closer each time

My grandmother died when she was 82 from cancer of the liver.

“We knew she was ill, licking her lips as she ate a peach.”

“What are you doing here?” “I just came to see you, granny.”

The night before she died, she turned to face the wall; I think she knew.

It was my first adult death.

As kids, we stayed with her in Plymouth every summer. Playing in the park at the bottom of the road, or in the small woods beyond, building dams in its tiny stream; spending days on the the beach, despite the cold and the wind; taking mystery tours by coach over Dartmoor, always ending up at places we knew.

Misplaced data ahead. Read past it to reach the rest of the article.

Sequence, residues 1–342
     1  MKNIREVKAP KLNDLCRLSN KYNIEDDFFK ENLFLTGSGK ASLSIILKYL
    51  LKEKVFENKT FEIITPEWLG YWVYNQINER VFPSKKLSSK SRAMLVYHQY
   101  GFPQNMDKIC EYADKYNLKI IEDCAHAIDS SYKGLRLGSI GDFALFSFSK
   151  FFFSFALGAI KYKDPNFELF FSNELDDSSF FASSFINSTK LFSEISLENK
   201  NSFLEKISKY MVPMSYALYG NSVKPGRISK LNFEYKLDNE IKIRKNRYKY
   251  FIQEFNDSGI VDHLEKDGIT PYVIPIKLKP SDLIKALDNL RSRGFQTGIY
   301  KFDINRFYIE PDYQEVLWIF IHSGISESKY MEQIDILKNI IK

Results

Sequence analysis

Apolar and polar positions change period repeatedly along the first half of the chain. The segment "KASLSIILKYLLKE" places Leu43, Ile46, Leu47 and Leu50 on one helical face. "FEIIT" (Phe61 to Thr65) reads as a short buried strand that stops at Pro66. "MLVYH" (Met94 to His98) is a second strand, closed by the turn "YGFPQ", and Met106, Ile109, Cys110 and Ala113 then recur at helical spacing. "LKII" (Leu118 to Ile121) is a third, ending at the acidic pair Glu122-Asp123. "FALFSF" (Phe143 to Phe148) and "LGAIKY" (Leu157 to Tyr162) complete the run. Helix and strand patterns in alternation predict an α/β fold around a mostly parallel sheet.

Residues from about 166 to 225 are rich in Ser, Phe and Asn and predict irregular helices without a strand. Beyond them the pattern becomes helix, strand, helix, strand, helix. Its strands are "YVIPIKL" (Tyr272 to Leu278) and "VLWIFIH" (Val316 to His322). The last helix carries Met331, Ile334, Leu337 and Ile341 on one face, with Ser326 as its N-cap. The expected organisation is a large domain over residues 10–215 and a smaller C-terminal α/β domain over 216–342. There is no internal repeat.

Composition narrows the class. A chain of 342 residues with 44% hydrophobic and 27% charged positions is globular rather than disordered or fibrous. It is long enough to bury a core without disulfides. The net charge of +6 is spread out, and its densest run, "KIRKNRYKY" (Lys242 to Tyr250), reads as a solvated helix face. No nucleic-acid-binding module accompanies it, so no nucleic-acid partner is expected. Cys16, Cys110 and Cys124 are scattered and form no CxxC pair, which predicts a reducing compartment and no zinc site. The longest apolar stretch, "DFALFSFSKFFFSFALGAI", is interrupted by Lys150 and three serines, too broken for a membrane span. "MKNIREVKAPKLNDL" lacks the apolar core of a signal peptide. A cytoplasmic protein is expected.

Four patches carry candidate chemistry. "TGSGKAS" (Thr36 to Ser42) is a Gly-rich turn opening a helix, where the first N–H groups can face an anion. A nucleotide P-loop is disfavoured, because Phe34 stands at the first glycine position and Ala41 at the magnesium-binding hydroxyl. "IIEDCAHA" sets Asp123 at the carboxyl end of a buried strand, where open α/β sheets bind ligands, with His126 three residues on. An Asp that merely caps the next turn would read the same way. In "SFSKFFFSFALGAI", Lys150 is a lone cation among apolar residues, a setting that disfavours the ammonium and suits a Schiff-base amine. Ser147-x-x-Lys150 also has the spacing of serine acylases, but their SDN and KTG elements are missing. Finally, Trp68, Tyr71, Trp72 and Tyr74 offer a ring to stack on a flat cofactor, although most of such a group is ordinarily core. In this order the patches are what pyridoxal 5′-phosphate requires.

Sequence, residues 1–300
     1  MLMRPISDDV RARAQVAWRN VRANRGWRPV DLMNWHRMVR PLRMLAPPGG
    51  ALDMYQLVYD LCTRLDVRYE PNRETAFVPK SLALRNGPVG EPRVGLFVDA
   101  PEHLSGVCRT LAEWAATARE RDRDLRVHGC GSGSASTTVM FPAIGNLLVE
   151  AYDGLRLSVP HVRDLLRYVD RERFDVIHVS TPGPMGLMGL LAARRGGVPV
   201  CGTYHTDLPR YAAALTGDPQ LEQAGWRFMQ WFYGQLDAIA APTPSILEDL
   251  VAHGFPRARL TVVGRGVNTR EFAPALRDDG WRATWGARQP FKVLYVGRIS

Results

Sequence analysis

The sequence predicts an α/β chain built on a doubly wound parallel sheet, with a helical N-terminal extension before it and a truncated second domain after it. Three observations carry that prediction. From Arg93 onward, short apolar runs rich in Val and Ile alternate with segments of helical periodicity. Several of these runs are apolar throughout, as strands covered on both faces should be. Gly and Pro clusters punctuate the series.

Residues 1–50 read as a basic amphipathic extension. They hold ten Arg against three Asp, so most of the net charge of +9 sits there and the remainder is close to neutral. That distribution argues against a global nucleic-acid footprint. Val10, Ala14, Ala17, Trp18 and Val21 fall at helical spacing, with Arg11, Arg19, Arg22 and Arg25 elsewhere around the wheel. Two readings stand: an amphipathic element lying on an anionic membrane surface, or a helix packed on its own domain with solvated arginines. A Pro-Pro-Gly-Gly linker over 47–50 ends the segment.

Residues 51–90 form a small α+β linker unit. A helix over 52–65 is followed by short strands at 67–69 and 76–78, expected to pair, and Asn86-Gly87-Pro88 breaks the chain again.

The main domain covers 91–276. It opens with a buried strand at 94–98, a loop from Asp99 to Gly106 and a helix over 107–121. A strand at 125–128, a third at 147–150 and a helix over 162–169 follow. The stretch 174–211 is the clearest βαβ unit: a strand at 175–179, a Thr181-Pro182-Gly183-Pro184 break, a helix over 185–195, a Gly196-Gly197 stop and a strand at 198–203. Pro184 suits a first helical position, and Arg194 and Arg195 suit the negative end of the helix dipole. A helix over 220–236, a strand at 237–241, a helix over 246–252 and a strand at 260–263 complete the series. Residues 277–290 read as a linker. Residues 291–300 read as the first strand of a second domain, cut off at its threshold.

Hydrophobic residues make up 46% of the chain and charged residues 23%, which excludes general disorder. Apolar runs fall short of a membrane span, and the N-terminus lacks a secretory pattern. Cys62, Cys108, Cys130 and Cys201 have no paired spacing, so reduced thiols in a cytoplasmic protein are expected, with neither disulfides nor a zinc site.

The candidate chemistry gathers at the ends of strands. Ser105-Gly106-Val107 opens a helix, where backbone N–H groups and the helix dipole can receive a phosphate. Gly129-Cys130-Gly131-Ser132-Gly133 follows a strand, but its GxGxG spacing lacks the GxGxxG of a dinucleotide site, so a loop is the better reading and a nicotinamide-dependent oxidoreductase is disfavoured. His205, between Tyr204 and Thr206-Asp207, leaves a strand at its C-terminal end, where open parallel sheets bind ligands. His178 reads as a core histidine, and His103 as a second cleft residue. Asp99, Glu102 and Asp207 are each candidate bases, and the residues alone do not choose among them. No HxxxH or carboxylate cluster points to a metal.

One day my mother drove us all to Clovelly. My uncle, on crutches (leg broken in a motorbike accident), raced us down the steps. Climbing back up, I stood in tears outside the gift shop, wanting a little brass figure in the window. Her first grandchild, she was always indulgent.

summer breeze a little brass donkey clutched in my hand

Talking to my uncle in the pub after the funeral, I found myself saying “your mother”. Trying to distance myself …